The American Action Forum (AAF) recently assessed the plausible effects of a ruling for the plaintiffs in the Supreme Court case, King v Burwell, concerning the legality of subsidies in the federally-run health insurance exchanges implemented under the Affordable Care Act (ACA). One outcome of such a ruling would be that medium and large employers in the 37 states with federal exchanges would no longer be burdened with the ACA’s employer mandate. The employer mandate requires all employers with 100 or more “full-time” workers (50 or more effective 2016) to provide their employees with health insurance. AAF previously assessed the labor market effects of the mandate and other regulations, finding that they have already reduced employment and weekly pay. To make matters worse, the ACA defines “full-time” as working 30 or more hours per week, which is nowhere close to reality in today’s labor market. As a result, all employers with 100 or more workers this year and 50 or more next year must be conscious of all their workers’ hours if they wish to avoid the employer mandate.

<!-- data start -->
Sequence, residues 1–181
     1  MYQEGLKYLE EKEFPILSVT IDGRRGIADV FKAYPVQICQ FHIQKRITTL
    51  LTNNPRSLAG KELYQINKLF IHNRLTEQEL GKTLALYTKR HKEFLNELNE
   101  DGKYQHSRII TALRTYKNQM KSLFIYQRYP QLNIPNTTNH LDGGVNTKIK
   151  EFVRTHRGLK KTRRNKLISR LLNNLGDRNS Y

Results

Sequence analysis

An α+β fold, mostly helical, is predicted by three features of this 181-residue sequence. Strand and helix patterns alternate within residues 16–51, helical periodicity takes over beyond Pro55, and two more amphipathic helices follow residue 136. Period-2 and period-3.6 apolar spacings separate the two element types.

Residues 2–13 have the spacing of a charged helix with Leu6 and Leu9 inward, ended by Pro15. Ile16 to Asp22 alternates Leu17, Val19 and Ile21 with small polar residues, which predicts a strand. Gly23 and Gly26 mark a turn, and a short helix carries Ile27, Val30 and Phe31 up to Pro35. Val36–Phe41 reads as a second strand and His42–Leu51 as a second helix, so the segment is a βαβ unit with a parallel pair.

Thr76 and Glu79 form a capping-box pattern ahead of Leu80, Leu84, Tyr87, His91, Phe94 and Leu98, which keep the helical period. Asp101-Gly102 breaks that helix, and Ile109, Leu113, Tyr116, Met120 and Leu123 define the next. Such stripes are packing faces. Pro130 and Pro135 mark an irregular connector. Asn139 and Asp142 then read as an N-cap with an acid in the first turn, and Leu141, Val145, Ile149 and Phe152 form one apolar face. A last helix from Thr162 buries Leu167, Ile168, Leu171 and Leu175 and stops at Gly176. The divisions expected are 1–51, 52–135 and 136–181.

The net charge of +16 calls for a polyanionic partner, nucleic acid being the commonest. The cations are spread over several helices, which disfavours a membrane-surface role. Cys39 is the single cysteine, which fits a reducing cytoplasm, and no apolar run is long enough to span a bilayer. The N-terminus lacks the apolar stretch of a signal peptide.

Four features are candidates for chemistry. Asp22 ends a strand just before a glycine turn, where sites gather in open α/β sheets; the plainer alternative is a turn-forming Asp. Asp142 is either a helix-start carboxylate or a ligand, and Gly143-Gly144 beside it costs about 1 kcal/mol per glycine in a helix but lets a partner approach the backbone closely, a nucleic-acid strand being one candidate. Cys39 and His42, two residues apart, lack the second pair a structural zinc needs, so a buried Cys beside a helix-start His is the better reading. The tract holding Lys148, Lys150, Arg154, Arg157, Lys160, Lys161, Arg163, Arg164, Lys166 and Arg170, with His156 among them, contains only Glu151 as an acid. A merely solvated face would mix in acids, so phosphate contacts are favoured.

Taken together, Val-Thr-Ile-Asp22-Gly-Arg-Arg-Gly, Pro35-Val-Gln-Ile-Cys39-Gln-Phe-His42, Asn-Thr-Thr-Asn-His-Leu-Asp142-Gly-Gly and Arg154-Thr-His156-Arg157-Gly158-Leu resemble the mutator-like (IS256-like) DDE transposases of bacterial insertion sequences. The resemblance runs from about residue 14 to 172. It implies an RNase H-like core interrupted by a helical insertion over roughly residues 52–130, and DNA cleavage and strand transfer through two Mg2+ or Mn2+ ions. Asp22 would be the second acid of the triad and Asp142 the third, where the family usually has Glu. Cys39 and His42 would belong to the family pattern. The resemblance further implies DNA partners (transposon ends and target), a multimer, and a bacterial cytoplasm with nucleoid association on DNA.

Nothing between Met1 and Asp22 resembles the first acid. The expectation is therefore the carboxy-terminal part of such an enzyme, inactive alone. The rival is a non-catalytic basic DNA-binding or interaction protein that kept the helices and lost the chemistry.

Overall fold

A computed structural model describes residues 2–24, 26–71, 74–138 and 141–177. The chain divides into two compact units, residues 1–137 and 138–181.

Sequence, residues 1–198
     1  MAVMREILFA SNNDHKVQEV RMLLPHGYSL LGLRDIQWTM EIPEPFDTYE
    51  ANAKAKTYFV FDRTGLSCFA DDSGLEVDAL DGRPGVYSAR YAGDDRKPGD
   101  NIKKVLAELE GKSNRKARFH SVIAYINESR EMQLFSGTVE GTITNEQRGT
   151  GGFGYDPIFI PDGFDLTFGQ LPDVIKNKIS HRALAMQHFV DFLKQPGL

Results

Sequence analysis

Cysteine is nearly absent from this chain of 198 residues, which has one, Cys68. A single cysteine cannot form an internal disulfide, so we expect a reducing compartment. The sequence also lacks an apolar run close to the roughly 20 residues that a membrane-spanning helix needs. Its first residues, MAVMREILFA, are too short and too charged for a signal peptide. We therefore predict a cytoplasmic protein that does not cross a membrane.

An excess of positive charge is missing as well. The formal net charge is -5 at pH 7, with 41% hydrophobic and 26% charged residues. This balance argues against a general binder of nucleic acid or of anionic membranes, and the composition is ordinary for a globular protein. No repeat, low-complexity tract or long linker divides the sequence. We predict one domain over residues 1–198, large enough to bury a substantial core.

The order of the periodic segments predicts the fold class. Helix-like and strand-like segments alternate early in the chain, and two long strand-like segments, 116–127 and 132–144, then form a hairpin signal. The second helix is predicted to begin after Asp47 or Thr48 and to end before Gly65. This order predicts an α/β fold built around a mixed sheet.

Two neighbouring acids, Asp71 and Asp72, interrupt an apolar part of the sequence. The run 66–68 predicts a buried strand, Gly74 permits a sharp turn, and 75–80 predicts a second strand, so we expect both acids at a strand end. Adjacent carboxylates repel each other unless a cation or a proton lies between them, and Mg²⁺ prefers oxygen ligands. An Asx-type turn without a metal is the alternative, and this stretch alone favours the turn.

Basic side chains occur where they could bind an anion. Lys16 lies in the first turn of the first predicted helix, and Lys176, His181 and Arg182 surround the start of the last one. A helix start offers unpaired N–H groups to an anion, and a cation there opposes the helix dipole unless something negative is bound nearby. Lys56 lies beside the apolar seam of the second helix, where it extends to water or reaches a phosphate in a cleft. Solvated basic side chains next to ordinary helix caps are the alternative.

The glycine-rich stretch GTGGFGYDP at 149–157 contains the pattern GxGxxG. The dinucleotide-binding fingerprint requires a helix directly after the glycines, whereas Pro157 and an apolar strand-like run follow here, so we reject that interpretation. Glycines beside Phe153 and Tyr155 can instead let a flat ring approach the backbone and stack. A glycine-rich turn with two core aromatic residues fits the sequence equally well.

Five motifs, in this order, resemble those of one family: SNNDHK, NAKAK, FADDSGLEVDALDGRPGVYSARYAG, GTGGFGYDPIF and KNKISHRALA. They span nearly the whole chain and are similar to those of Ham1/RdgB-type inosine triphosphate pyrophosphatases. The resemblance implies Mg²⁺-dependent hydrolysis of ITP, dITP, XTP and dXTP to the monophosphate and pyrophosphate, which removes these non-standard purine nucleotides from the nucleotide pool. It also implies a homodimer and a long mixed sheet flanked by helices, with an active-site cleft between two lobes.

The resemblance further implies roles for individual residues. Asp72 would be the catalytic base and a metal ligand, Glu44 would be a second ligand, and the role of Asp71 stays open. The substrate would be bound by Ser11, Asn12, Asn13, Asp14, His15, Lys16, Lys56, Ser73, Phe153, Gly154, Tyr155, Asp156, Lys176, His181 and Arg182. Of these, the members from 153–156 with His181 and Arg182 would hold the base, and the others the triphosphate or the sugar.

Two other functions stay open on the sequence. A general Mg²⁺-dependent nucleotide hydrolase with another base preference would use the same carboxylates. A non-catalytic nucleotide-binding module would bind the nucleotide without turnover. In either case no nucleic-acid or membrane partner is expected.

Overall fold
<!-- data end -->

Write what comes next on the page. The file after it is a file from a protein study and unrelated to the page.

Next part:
This week several news outlets published stories about the great successes of the Pioneer Accountable Care Organization (ACO) demonstration project, a managed care approach explained in depth here, and the potential positive implications for Medicare. While it is understandable that many are desperate to find any sign of success deriving from the health reform law, wishful thinking doesn’t actually make the Pioneer ACO program a success. The hype surrounding the $400 million savings is overblown, and the stability of the Pioneer model should be seriously questioned before more Medicare funds are committed to a relatively untested and largely unsuccessful program.